Delivering 450 GW by 2050 (or even 100 GW by 2030) sets significant technological, business and policy challenges for the offshore wind energy industry. But it is also a formidable human resources challenge. What will be the recruitment needs to deliver the first 100 GW? Can the offshore wind energy industry attract and retain the required talents?
These were questions discussed by an expert panel this afternoon at WindEurope Offshore 2019 in Copenhagen. LM WindPower chaired a panel of speakers representing Fred. Olsen Ocean, Siemens Gamesa Renewable Energy, Aker Solutions, and Engineer the Future. All panellists agreed that we need a multi-tiered response to this challenge: technological adaptation, skills & education, better marketing of the sector for employees, better salaries, and a more diverse workforce.
In terms of technological advances, these will be essential to keeping costs down in the future: fewer turbines, fewer work hours, and significantly higher-quality turbines. The industry needs to start with early education to attract people and kids. Teachers are ‘the single most important’ factor in children’s education. The industry thus needs to shift the way it approaches education and develop local market knowledge.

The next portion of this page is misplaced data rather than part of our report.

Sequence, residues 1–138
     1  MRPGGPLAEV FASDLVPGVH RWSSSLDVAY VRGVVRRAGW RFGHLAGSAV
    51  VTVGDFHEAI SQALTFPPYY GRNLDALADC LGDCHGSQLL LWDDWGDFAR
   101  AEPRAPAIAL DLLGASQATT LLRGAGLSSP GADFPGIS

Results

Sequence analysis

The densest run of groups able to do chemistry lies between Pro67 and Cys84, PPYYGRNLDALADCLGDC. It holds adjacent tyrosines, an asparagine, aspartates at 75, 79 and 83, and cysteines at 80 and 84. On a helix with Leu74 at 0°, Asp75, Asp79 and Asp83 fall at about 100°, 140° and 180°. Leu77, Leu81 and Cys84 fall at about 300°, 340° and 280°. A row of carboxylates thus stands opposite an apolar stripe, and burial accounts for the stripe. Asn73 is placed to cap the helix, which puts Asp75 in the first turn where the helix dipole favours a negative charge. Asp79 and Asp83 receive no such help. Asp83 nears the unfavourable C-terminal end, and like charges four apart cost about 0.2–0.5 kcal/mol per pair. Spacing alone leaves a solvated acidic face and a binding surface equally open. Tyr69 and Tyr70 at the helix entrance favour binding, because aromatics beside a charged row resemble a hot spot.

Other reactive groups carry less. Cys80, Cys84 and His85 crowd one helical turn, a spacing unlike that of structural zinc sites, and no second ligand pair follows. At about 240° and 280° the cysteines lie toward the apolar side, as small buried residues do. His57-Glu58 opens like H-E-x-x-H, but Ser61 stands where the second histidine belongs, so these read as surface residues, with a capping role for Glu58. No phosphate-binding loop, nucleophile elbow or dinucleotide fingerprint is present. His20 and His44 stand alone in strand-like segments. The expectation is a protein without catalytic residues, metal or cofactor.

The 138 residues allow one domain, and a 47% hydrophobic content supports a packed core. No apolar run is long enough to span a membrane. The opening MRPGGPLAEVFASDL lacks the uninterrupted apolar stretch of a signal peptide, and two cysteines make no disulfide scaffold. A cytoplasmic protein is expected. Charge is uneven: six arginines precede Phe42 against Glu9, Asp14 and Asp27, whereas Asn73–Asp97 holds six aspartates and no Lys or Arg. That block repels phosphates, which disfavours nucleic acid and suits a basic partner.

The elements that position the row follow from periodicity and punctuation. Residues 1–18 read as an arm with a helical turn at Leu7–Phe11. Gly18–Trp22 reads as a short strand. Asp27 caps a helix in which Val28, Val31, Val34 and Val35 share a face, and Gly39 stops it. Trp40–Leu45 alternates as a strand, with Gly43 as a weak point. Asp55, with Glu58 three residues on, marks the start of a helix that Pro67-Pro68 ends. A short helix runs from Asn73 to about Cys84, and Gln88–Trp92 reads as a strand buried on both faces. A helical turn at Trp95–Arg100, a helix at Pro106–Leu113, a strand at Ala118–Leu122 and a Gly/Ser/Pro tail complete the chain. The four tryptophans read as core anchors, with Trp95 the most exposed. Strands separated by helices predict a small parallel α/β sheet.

Robots will also play an important role, and perhaps can be used to do the most dangerous jobs in offshore wind. Governments could play a role in setting up some support and legal advice in order to fill in the skills gap.
The industry needs to communicate better, and in a more diverse way, on the needs of the sector – and to communicate that to HR managers. It is clear that the industry needs to attract more women, and there needs to be more outreach on this.
Finally, the industry should take steps to secure higher and stable wages all year round: a steady pipeline of work securing long-term employment (onshore and offshore, winter and summer).